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Competitive Enterprise Institute
FOR IMMEDIATE RELEASE
Report: CFA’s ‘Crossroads’ Telecom Study Lacks Objectivity; Fraught with Problems
Misstated Facts, Erroneous Data, Findings on Market Events That
Never Occurred Appear to Make Predetermined Conclusions
Washington, D.C., December 9, 2003 -- A new report released today by the Competitive Enterprise Institute (CEI) and the New Millennium Research Council (NMRC) analyzing an October 2003 policy study issued by the Consumer Federation of America (CFA), Competition at the Crossroads: Can Public Utility Commissions Save Local Phone Competition?’ finds that the CFA study takes positions and makes claims not supported by empirical evidence and misapplies data to support conclusions. The CFA study paints a picture that competition has failed in the telecom industry, and the industry will re-monopolize and increase consumer prices. The CEI and NMRC report strongly disputes these CFA study claims.
The new CEI and NMRC report, Is Phone “Competition at the Crossroads?”: An Analysis of the Consumer Federation of America’s Local Competition Study, is the first to critically review the CFA study and analyze its data and conclusions. Having previously examined the effects of unbundled network elements (UNEs) in the states, the CEI and NMRC undertook this critique to assess the basis of the CFA study claims. Today’s report presents the views of two telecommunications experts – Solveig Singleton, Senior Policy Analyst for CEI and Stephen B. Pociask, President of TeleNomic Research, LLC.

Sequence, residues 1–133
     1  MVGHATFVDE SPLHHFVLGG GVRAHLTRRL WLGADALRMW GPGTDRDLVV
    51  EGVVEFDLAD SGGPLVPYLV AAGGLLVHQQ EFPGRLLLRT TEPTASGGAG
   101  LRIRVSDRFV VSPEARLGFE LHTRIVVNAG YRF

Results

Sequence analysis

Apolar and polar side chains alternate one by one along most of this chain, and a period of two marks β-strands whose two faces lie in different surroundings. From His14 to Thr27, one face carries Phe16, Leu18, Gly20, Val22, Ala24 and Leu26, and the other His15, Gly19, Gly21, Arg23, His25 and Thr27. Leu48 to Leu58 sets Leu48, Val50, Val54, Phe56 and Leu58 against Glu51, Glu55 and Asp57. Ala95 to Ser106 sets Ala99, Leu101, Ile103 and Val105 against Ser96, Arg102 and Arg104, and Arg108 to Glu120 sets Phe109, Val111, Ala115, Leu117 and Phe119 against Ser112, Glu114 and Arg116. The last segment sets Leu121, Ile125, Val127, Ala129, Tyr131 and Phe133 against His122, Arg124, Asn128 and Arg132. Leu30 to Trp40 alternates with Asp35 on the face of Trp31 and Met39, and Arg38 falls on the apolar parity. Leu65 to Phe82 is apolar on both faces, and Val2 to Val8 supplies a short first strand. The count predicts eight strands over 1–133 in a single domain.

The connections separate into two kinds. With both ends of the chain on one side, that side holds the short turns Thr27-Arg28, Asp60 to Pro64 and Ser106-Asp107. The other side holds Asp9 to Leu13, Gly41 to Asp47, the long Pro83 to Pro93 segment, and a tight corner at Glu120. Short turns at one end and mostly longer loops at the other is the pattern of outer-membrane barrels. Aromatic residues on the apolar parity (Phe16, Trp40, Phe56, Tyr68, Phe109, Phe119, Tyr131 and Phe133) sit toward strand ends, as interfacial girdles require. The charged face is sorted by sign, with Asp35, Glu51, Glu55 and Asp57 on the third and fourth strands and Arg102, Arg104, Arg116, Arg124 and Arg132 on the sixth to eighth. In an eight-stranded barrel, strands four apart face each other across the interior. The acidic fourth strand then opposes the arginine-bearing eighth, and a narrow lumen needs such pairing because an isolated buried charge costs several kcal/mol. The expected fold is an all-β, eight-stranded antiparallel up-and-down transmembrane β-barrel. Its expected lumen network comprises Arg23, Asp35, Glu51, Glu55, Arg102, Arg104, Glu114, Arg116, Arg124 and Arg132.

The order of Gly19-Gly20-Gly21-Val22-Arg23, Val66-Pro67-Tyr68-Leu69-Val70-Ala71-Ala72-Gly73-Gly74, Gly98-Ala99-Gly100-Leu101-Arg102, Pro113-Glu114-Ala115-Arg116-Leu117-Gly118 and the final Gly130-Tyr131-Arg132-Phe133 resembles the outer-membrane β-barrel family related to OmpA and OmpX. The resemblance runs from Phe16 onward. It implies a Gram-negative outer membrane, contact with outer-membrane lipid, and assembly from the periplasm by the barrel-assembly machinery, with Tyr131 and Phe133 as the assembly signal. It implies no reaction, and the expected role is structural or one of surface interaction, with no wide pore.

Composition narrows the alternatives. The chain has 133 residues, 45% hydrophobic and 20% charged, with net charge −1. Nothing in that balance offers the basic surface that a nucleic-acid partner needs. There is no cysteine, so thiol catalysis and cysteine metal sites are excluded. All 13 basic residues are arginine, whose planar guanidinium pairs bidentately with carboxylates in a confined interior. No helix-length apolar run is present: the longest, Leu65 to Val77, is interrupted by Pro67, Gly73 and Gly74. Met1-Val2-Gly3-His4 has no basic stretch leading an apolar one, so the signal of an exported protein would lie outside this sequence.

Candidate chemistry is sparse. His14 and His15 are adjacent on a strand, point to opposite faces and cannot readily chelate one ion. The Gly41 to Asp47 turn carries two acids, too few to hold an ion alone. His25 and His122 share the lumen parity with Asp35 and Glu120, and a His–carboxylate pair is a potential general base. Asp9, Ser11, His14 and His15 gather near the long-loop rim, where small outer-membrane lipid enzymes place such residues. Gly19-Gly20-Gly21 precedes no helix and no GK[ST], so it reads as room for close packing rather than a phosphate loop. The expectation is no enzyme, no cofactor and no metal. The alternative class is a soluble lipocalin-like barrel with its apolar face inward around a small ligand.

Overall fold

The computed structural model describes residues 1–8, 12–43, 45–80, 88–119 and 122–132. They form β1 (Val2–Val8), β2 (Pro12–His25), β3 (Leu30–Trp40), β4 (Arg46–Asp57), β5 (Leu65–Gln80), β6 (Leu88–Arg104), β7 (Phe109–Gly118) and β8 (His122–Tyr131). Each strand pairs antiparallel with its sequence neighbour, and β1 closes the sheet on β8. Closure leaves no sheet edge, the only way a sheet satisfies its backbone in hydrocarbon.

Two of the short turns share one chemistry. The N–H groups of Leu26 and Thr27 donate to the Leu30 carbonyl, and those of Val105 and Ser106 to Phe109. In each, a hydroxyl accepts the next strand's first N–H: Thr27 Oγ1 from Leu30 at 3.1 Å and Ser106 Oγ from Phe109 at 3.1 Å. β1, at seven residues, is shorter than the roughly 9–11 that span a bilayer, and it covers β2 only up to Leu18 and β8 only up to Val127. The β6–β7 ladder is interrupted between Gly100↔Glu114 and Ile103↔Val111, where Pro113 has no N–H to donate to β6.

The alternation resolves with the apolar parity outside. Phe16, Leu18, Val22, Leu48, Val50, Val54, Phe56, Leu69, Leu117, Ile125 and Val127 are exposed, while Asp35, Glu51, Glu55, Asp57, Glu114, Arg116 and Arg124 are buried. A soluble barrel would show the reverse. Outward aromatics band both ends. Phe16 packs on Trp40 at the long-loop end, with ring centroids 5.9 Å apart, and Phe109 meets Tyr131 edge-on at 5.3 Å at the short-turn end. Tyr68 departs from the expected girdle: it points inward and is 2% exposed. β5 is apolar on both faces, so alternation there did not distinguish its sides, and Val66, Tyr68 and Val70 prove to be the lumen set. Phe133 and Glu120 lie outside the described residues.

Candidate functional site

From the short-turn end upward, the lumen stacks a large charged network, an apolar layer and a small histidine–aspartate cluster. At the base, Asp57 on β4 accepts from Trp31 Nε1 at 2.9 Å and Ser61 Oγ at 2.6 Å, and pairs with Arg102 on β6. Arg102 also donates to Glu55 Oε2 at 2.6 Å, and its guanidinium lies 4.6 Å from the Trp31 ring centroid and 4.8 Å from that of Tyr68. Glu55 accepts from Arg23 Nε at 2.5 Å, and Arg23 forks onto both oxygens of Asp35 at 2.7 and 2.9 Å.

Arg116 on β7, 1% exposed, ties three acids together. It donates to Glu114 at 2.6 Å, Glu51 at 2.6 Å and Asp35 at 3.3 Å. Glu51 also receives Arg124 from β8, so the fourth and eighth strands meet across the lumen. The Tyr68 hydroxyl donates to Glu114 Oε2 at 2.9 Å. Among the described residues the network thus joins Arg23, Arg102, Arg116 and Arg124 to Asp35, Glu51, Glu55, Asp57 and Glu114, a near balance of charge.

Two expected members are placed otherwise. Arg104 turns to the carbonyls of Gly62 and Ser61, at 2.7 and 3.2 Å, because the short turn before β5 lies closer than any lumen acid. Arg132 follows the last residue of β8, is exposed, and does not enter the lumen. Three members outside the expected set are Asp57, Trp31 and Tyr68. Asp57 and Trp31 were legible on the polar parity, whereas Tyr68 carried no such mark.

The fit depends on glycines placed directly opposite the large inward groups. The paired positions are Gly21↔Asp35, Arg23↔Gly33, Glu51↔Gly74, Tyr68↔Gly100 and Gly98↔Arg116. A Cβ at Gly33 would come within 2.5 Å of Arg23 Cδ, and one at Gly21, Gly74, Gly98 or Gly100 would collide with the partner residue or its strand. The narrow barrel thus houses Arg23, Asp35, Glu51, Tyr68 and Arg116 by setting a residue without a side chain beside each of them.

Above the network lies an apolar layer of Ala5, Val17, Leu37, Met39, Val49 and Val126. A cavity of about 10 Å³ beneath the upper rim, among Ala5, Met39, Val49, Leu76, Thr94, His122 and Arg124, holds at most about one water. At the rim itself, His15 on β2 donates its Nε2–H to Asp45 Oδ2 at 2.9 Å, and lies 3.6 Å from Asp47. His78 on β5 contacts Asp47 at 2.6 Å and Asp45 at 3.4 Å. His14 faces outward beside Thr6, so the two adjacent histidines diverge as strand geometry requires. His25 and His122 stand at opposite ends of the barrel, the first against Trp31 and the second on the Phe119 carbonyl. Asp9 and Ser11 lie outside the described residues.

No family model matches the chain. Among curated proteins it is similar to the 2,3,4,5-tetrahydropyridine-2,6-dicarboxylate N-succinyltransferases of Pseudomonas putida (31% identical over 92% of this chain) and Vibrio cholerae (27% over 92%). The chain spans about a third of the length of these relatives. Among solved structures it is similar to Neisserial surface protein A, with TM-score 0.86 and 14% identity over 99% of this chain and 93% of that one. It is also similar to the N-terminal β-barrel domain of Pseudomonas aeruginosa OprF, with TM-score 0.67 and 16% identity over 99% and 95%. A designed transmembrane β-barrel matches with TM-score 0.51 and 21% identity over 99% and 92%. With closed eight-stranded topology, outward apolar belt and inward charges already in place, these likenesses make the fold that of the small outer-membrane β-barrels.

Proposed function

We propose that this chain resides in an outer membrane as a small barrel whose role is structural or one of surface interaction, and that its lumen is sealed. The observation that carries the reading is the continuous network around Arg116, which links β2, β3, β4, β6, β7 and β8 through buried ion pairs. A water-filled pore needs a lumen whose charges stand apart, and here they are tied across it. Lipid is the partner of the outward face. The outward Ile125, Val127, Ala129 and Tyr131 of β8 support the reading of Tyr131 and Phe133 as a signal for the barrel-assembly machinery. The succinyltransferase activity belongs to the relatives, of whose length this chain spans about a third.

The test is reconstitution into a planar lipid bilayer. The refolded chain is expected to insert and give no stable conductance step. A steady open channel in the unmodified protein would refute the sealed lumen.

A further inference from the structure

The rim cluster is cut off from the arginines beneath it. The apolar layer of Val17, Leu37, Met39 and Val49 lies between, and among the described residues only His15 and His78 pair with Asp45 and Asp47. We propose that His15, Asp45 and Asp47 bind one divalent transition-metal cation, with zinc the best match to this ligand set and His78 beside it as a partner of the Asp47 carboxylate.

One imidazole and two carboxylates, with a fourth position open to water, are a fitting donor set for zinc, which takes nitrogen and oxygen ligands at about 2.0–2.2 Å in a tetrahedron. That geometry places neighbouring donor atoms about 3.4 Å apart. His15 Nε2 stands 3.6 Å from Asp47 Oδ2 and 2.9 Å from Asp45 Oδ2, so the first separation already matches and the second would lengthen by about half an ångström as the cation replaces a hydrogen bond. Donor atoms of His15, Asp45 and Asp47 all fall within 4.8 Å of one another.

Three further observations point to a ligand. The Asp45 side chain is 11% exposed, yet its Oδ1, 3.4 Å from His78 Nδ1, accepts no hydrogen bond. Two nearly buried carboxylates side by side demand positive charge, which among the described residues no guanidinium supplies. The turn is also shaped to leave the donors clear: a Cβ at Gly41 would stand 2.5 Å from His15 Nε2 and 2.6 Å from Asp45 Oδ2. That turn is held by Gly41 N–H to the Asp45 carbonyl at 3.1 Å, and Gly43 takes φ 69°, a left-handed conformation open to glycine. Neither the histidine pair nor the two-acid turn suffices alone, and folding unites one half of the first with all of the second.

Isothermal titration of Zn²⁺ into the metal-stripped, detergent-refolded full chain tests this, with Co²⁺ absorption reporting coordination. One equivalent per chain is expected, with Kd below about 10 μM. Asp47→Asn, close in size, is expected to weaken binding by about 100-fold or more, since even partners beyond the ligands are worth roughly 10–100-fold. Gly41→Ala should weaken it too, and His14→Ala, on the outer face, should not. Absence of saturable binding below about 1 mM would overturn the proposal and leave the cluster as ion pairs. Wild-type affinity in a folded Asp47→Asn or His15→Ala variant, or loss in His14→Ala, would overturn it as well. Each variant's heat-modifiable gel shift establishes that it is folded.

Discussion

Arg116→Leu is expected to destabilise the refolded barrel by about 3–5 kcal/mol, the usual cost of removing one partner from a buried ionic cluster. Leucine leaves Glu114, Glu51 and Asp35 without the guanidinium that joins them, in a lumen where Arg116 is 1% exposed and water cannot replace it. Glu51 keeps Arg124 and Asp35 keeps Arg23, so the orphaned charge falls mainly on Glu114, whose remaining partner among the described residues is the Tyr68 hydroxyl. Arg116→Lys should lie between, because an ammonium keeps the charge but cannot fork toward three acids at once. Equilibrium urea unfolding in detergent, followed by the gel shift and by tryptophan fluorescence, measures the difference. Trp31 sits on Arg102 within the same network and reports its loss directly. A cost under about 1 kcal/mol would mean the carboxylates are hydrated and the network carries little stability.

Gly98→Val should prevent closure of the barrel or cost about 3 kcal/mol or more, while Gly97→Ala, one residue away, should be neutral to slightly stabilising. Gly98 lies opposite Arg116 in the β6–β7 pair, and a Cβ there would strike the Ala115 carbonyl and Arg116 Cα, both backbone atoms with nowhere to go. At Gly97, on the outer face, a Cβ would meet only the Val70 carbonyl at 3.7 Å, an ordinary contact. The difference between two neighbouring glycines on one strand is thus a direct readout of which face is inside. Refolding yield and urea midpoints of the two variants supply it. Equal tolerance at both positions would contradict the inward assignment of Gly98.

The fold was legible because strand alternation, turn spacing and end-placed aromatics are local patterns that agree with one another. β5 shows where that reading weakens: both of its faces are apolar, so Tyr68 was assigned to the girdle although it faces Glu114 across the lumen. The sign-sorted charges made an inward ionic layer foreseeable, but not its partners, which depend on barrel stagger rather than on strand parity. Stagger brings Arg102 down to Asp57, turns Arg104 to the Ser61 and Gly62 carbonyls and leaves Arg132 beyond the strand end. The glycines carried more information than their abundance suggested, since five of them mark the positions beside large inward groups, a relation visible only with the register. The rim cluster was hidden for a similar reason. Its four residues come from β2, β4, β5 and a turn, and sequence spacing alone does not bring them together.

Both authors debunk the CFA study’s three main arguments it said were used by the Regional Bell Operating Companies for raising UNE wholesale prices and for restricting the availability of UNEs:
(1) Competition would be stimulated if local incumbents were allowed to enter the long distance market before new market entrants have established access to the existing telephone network;
(2) UNE prices do not adequately reflect costs, and represent a ‘subsidy’ to competitors; and
(3) Withdrawing access to UNEs will force competitors to make investments in their own facilities and networks.
With regard to the first CFA assertion, Stephen Pociask finds that competition is developing at a robust pace and more regulation is the last thing the industry needs, despite the CFA study’s claims. “There are over 153 million wireless subscribers, a number rivaling the total traditional telephone lines provided by the Regional Bell Operating Companies (RBOCs).” Competition is also taking shape in the form of tens of million of highspeed connections from cable operators and other broadband providers, he says. “The Section 271 competitive checklist requires markets to be irreversibly opened first and requires nondiscriminatory access for Competitive Local Exchange Carriers (CLECs) before Independent Local Exchange Carriers (ILECs) can enter that long distance market,” says Mr. Pociask. “In all 48 states where Section-271 process could be applied, the ILECs’ markets were found to be irreversibly opened.”